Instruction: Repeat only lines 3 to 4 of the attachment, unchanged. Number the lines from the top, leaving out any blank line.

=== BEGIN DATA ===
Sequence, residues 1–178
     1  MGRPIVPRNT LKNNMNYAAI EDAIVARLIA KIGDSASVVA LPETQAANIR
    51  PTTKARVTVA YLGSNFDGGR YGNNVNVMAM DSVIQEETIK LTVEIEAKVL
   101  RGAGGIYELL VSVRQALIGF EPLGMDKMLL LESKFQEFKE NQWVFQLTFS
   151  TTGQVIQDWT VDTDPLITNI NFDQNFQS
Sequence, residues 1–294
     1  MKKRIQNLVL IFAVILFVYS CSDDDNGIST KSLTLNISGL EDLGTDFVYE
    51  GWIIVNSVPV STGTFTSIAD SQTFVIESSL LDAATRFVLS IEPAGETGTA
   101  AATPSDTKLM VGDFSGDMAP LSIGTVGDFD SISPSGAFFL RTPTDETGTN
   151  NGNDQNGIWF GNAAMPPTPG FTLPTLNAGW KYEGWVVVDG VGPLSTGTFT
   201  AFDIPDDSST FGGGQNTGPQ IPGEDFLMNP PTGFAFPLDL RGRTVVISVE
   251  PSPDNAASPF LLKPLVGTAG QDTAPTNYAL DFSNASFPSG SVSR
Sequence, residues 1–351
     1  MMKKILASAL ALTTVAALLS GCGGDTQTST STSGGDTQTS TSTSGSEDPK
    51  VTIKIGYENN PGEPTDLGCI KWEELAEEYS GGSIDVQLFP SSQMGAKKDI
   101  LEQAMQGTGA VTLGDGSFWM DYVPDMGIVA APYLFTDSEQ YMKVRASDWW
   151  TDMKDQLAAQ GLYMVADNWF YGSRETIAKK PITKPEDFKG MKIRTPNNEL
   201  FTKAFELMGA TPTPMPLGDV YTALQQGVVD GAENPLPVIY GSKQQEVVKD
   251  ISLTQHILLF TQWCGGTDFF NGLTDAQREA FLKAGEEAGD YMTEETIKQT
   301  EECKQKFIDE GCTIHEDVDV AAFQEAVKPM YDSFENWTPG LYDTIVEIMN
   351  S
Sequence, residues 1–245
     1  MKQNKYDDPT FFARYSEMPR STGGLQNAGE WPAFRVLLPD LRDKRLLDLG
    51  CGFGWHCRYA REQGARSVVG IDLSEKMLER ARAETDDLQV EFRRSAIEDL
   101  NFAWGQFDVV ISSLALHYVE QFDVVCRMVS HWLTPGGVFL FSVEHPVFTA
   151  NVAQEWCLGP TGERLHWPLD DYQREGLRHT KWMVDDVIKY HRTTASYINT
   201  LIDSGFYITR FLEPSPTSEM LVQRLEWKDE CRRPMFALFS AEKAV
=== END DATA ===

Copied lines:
    51  PTTKARVTVA YLGSNFDGGR YGNNVNVMAM DSVIQEETIK LTVEIEAKVL
   101  RGAGGIYELL VSVRQALIGF EPLGMDKMLL LESKFQEFKE NQWVFQLTFS